Craig Santos Perez | Book Review
Sun Yung Shin’s Skirt Full of Black (Coffee House Press, 2006), winner of the 2008 Eleventh Annual Asian American Literary Award for Poetry, is dedicated to “the worldwide Korean diaspora—six to seven million overseas Koreans living in 140 countries.” Shin’s collection contours her own experience within the Korean diaspora by articulating the pluralities of gender, language, ethnicity, and culture.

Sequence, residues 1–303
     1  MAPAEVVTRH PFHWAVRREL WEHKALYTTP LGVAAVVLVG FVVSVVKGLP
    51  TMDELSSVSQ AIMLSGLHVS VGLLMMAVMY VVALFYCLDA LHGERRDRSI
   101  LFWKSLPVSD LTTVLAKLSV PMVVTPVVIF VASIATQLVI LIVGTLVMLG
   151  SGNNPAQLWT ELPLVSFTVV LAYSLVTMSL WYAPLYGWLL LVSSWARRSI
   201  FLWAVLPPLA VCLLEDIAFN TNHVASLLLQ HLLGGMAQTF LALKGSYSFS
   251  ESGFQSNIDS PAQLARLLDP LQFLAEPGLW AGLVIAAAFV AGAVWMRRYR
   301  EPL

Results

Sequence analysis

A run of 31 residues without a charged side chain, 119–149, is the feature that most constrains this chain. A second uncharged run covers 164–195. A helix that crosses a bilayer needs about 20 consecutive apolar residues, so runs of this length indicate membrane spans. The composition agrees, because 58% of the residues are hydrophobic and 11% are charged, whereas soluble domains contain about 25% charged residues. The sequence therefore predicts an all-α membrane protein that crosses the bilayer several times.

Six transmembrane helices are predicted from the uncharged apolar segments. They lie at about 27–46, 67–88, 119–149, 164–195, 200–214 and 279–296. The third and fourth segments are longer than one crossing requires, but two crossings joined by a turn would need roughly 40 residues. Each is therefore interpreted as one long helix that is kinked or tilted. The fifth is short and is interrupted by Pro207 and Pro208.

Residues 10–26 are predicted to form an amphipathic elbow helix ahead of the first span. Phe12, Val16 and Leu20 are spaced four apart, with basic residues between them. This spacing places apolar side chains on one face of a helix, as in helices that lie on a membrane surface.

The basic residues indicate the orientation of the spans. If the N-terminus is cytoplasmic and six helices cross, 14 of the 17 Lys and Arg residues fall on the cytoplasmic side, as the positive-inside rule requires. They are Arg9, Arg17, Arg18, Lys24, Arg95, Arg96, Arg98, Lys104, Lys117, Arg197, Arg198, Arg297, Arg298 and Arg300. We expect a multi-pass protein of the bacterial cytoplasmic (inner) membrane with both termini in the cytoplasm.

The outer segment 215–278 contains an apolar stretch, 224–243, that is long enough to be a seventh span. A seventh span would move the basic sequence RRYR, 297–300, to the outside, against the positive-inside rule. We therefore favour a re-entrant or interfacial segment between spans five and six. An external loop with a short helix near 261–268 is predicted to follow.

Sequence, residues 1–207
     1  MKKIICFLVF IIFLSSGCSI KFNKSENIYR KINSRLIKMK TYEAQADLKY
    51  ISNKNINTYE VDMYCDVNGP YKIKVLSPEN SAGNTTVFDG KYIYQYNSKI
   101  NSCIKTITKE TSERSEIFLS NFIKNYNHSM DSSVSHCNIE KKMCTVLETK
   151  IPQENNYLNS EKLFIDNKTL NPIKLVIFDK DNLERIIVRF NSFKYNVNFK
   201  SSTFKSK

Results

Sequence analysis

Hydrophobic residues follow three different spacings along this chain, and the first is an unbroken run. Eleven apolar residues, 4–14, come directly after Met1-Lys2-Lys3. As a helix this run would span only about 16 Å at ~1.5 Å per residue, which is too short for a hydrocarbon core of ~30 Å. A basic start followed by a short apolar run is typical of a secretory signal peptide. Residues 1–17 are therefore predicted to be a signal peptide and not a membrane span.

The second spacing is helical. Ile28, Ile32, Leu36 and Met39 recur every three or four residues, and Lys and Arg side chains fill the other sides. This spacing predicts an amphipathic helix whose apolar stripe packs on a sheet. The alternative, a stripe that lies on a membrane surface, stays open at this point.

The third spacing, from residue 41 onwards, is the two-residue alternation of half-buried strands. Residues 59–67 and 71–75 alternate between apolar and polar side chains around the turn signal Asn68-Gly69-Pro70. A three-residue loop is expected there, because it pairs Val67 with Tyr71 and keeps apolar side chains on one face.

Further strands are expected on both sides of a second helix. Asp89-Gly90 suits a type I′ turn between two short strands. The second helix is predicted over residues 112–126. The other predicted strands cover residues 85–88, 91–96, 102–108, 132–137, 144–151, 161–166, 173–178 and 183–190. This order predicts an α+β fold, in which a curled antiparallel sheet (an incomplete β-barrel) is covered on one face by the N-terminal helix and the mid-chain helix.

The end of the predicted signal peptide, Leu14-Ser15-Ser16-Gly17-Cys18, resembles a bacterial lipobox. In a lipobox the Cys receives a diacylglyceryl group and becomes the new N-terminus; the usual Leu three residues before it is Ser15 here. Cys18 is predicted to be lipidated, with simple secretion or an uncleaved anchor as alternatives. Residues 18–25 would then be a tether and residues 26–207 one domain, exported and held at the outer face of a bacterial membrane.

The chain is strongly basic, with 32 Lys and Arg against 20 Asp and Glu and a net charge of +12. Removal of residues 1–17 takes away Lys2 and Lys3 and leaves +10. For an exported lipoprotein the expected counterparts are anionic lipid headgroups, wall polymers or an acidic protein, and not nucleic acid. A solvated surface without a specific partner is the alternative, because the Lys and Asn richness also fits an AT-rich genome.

In "Obviously, These Were Home Rather Than Office Machines, Meant for People of Limited Means Who Needed to Do Some Occasional Typing,” Shin collages various kinds of discourse to create an intersection of writing, race, and gender:
It looked rather like a sewing machine, because it was manufactured by the
sewing machine department of the Remington arms company.
By the 1920s, virtually all typewriters were “look-alikes”
only in capital letters: QWERTY: WOMAN: TYPING: HARD RETURN
woman: understroke or “blind writer”